A CBI team is returning to Hyderabad on Sunday after spending a week in Mauritius investigating six bank accounts belonging to former Satyam owner B Ramalinga Raju and his family members, the Times of India reported.
The team led by DIG CBI V V Lakshminarayana left for Port Loius on October 18 and found at least Rs 600 crore stashed in the Mauritius bank accounts, the report said. The accounts were being used for money laundering purpose, a favourite channel of black money operators, CBI sources said. The figure can rause by the time the probe is over, sources told the newspaper.
During the course of its investigations in the Satyam scam, the CBI discovered that the scam money was either stashed in foreign bank accounts or was being diverted back to India through these accounts.
Accordingly, the CBI special court sent letters rogatory to six countries where the bank accounts linked to the scam were said to be in operation.
Apart from Mauritius, the letters rogatory were sent to courts in the US, UK, Belgium, British Isles and Singapore.
“The purpose of sending the letters rogatory was to request the courts in these countries to record the statements of the account holders and other connected persons and convey the same to the special CBI court in Hyderabad,” the sources said.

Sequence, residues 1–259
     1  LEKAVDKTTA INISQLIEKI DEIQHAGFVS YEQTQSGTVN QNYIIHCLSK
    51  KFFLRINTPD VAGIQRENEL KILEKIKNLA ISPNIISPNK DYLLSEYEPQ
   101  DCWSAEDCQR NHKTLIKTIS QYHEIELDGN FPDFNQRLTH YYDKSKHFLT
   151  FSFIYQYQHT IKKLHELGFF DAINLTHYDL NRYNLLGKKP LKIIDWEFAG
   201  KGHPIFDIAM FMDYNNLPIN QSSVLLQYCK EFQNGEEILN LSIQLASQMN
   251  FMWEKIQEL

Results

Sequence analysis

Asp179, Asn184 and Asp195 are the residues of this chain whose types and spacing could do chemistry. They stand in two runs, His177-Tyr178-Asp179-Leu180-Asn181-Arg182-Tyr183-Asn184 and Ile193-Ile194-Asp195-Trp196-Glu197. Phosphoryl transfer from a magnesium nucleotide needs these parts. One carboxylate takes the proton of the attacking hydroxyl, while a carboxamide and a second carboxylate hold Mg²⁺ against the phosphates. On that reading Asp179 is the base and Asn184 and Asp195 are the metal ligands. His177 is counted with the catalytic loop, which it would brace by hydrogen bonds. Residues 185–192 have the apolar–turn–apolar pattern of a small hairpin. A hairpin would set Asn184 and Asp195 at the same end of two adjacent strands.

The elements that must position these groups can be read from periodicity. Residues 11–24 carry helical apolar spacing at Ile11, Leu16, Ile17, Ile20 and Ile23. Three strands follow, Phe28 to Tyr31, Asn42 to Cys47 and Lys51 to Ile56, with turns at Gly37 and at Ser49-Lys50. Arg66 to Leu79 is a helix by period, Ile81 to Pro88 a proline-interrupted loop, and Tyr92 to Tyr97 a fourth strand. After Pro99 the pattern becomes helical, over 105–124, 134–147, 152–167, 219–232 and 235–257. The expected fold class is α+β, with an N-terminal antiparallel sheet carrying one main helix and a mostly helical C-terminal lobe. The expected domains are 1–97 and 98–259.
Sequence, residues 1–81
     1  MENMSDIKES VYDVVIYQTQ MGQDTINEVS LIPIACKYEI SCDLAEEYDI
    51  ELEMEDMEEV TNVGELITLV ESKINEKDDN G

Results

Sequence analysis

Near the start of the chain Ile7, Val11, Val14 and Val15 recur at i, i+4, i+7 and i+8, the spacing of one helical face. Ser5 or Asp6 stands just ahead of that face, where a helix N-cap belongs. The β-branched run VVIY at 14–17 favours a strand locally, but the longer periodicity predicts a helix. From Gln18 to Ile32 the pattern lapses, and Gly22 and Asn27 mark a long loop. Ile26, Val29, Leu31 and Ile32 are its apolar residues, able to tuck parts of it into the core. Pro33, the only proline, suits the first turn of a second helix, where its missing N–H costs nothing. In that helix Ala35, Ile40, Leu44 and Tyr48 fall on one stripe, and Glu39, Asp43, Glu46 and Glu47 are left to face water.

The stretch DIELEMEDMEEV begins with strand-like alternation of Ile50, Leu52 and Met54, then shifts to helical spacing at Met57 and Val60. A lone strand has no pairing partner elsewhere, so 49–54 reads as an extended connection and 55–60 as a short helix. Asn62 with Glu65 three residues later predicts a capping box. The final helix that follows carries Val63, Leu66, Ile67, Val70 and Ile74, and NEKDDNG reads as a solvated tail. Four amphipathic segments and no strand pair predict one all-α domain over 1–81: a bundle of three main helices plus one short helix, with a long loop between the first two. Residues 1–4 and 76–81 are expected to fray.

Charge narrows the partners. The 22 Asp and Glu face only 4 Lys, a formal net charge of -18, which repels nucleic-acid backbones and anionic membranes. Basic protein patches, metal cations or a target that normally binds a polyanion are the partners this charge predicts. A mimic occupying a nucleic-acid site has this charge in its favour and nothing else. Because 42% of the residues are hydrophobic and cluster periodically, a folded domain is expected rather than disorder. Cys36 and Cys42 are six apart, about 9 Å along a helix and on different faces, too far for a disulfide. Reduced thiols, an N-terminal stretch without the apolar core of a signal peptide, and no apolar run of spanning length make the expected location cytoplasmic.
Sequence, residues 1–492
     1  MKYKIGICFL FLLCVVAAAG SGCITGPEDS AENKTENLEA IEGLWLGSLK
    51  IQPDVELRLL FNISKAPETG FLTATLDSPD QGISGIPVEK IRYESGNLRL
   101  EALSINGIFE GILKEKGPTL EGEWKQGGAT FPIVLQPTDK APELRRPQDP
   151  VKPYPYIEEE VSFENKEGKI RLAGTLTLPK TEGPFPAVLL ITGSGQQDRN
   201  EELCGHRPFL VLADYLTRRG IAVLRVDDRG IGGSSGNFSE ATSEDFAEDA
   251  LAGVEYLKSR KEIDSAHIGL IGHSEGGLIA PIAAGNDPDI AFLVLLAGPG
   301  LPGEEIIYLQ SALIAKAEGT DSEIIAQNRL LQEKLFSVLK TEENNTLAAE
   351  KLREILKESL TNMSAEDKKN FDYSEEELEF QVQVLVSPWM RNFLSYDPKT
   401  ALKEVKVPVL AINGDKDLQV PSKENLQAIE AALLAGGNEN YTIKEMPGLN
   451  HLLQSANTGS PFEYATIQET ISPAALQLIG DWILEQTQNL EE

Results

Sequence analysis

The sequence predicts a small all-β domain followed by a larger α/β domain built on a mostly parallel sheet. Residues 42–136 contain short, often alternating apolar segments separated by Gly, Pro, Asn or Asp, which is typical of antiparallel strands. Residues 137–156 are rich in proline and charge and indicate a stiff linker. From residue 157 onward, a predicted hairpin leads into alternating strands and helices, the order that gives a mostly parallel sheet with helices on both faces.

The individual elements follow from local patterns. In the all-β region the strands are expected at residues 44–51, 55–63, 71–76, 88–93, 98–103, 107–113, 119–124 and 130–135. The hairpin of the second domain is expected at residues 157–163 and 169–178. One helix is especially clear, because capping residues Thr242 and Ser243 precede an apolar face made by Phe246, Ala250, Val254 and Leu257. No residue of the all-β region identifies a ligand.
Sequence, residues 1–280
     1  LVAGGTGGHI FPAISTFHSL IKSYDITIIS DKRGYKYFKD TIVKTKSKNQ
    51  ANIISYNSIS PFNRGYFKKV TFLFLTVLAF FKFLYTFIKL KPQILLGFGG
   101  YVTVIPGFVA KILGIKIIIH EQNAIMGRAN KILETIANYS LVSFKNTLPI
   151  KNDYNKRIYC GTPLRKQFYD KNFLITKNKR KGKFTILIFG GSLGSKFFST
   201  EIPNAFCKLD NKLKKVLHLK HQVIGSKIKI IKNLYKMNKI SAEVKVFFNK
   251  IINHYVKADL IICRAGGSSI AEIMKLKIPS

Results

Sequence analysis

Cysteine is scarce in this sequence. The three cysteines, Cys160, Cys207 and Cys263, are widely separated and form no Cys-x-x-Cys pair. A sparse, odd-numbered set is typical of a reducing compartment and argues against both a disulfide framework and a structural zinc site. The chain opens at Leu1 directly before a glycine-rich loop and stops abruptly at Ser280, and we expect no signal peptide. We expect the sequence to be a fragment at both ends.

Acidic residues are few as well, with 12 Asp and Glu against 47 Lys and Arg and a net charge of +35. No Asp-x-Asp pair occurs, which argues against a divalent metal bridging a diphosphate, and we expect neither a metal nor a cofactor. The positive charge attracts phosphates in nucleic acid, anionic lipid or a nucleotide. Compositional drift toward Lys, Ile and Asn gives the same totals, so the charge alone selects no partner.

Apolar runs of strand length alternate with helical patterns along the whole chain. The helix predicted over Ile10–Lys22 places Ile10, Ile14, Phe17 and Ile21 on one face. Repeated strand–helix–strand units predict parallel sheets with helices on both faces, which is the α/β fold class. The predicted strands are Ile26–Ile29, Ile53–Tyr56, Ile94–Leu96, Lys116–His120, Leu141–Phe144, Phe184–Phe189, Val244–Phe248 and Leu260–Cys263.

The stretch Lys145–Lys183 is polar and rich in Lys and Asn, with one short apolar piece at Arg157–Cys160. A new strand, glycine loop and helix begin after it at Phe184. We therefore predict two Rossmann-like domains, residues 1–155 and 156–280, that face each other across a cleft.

The CBI team, which included an RBI official, left for Mauritius after the court there communicated that it had recorded the statements of the account holders and others as sought by the Indian investigating agency.
“The purpose of taking the RBI officer was to check the banking norms and procedures in Mauritius and assist the CBI in tracing the money trail,” the sources added.
The Interpol is assisting the CBI in unearthing the foreign link in the Satyam scam, the sources said, and added that the CBI teams will visit the other countries where such bank accounts are alleged to exist as soon as the courts respond to the letters rogatory.
By establishing the foreign link in the Satyam scam, the CBI hopes to prove its case that the Raju family had floated almost 325 alleged benami companies and that the foreign accounts acted as conduits to divert the money from Satyam only to be re-routed to these fictitious companies and then laundered further for purchasing land and property in and around Hyderabad.